The EZLN has made its position clear: there will be no dialogue as long as the accords agreed to at Table 1 are not implemented and the indigenous regions are not demilitarized.

Given the government's and the EZLN's positions we conclude:

1. Both are active politically and militarily. 2. Both are carrying out aspects of the San Andres accords unilaterally and in a de facto manner. 3. Both have placed irreconcilable conditions for the resumption of talks. 4. Both are hoping that the other side will be worn down; the government hopes that the EZLN will implode; the EZLN hopes that a weakened presidentialist system and PRI, together with a strengthened civil society will help pave the way for a transition to democracy, liberty and justice.


During the past year we have seen many social, campesino and indigenous groups whiter away, which previously had been a social and political counterweight to the ruling groups within the state of Chiapas. Coalitions of organizations that channeled discontent and were interlocutors for social, campesino and indigenous demands were a political, civil, legal and peaceful alternative to military solutions.

Also during the past year we have seen how the paramilitary groups have grown in strength, such as Paz y Justicia in the north of Chiapas; how the Chinchulines have been resurrected, how Alianza San Bartolome de los Llanos and Mascara Roja have been supported by official funds; and how the new MIRA (Indigenous, Revolutionary, Antizapatista Movement) has come into existence. We have also seen how violence in the Northern, Altos, Central Valley and Border Zones has grown. The obvious question: Where are the civil, social and peaceful initiatives? Why do armed groups multiply but not social forces?

Two events occurred on 12 October that give us some hope: in Mexico City the National Indigenous Congress came to a close with new life. An important agreement was reached among delegates from throughout the country to send a letter to President Zedillo demanding the implementation of the San Andres accords, a move that brought support from many sectors.

In Ocosingo, Chiapas, six coalitions of campesino and urban organizations formed a new social and political front: the Coordinator of Autonomous Organizations of the State of Chiapas (COAECH). It is made up by 1) CIOAC (Independent Central of Agricultural Workers and Campesinos); 2) COAO (Coalition of Autonomous Organizations of Ocosingo), made up in turn by the ARIC-Independent, ARIC-Union of Unions, CNPI (National Coordinator of Indian Peoples), and the Francisco Villa Organization; 3) CNPA (Plan de Ayala National Coordinator); 4) UMOI (Unity of the Movement of Independent Organizations), which brings together several other organizations; 5) RAP (Pluriethnic Autonomous Regions), also made up of various organizations with a presence in several municipalities in the state; and 6) the FAC-MLN (Broad Front for the Construction of a National Liberation Movement). All these coalitions have a sizable presence throughout the state. And the CIOAC, CNPA and FAC-MLN are also linked into national movements.

The COAECH, as a new social and political actor in Chiapas, defined its internal rules and plan of action, emphasizing mobilization as one of the strategies for struggle, within a single political program with four main activities: 1) Implementation of the San Andres accords, 2) Demilitarization, 3) Against paramilitarization, 4) Land reform.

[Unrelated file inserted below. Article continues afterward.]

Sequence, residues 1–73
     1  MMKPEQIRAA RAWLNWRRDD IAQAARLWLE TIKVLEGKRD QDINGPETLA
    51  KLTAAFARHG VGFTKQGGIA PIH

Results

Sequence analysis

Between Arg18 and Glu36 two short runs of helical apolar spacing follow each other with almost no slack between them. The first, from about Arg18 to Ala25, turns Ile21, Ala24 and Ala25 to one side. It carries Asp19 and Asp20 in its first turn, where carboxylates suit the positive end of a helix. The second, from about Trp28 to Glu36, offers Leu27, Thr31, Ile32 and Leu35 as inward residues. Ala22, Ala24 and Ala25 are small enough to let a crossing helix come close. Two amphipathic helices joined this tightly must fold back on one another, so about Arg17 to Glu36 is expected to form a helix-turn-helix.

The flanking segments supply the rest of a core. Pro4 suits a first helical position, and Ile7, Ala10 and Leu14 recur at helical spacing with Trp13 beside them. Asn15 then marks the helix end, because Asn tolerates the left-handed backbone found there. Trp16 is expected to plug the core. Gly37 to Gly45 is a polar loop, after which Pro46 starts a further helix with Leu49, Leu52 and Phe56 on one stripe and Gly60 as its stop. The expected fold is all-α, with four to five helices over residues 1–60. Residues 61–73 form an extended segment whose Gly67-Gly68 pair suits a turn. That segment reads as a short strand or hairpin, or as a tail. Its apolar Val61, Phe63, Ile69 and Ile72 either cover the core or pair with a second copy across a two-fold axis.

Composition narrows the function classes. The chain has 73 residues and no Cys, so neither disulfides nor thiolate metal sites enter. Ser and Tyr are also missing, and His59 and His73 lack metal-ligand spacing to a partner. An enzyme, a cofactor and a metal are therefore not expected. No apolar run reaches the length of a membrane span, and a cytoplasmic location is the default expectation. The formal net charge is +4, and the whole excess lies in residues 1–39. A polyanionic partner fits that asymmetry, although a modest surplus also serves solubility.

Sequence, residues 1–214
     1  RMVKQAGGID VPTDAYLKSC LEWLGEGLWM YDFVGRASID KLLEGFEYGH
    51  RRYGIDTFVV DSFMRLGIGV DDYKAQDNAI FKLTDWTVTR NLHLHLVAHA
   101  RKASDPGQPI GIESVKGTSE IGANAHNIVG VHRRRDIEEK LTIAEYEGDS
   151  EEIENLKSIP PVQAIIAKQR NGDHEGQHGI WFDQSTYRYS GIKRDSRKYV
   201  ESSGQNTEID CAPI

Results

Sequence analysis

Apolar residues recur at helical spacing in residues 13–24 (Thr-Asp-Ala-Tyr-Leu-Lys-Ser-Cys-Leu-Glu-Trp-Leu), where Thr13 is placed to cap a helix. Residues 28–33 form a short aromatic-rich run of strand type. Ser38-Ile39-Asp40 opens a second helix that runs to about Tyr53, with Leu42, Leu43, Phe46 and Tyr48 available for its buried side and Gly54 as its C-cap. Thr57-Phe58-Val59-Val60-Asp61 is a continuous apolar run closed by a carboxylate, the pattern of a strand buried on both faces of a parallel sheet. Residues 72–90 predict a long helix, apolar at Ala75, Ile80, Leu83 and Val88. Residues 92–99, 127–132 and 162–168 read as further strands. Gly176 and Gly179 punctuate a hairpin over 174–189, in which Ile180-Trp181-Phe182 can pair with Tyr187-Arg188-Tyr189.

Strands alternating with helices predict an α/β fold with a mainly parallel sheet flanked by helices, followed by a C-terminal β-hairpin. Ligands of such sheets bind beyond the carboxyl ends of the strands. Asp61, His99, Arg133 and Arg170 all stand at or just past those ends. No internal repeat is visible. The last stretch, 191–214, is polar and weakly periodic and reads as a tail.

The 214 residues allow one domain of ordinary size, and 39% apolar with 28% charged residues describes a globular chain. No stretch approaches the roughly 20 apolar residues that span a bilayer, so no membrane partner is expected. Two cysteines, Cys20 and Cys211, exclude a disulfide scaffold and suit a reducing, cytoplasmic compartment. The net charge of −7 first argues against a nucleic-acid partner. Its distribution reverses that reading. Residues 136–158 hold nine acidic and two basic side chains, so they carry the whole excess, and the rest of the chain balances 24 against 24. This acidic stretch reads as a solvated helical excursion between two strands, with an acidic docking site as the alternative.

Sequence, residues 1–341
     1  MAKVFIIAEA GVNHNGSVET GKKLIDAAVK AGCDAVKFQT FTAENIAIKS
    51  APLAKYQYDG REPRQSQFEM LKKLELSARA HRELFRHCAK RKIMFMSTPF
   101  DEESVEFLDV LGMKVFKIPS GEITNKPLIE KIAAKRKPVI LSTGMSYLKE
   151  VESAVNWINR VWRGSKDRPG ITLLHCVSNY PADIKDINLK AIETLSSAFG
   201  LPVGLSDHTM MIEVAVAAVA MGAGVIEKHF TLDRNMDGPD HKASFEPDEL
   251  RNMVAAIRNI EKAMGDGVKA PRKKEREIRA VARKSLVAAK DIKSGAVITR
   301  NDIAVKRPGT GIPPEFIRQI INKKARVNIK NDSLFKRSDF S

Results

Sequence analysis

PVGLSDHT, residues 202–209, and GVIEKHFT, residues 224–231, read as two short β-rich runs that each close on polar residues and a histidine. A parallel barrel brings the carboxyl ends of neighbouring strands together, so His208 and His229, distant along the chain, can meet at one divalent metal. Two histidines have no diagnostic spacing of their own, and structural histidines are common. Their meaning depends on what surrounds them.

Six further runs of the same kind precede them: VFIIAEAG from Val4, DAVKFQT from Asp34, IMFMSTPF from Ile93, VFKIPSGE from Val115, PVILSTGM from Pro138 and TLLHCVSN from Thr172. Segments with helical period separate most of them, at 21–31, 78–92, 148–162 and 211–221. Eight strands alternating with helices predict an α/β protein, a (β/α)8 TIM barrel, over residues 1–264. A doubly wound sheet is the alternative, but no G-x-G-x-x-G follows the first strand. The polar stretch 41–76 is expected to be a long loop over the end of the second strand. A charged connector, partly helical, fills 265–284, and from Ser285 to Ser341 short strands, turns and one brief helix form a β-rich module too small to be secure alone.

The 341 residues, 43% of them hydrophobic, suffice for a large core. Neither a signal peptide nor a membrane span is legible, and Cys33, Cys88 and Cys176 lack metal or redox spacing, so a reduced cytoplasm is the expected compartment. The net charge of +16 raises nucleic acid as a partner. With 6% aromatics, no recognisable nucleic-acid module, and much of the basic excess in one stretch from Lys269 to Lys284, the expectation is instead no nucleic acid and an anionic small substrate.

Interestingly, no explicit mention was made of the electoral struggle or of a political coalition in light of the upcoming 1998 municipal elections. Also of note is the fact that, whereas in years past the campesino, indigenous and urban forces tended to coalesce around economic demands, leading to seemingly inevitable division, co-optation on the part of the government and disagreements, now the sole uniting factor is political.

The birth of a new social force within Chiapas is a hopeful sign that common strategies of the social organizations may be able to bring about change in the state.


Note: We sincerely appreciate our readers' suggestions regarding this Bulletin. If you would like to have a map of Chiapas with its municipal and electoral districts, please e-mail a request to CIACH and we will send it to you as "attached mail" in Word for Windows.

INFORMATION: CIACH is a non-governmental organization, created in 1985 with the goal of being an alternative source of training, analysis and investigation for social, campesino and indigenous organizations, NGOs, students and researchers. CIACH also has a newspaper data bank that dates from 1985 to the present, classified by topics pertinent to Chiapas. The Center also undertakes research and analysis regarding current topics in the state, it edits publications and carries out workshops on analysis and on mental health with social organizations. *********************************************************************** Dear Friends: Putting out this Bulletin on a weekly basis generates costs for CIACH. Help us ensure it will continue to reach you by sending your donation to CIACH, checking account no. 1000790-7, branch 437 of BANCOMER in San Cristobal, Chiapas, Mexico. If you make a deposit, please let us know the date and the amount. Thank you very much! ************************************************************************ NOTICE ON REPRODUCING THIS BULLETIN This La Opinion Bulletin may be reproduced by other means such as in Internet web pages or in printed matter, as long as the source and our e-mail address are cited. __________________________________________________________ Centro de Información y Análisis de Chiapas, A.C. (CIACH) Flavio A. Paniagua 107 Barrio de Guadalupe 29230 San Cristóbal de las Casas, Chiapas, MEXICO

Tel/Fax: en México 01 967 86581 fuera de México +52 967 86581 Correo-e: ciach@laneta.apc.org ___________________________________________________________

****** A-Infos News Service ***** News about and of interest to anarchists

Subscribe -> email MAJORDOMO@TAO.CA with the message SUBSCRIBE A-INFOS Info -> http://www.tao.ca/ainfos/ Reproduce -> please include this section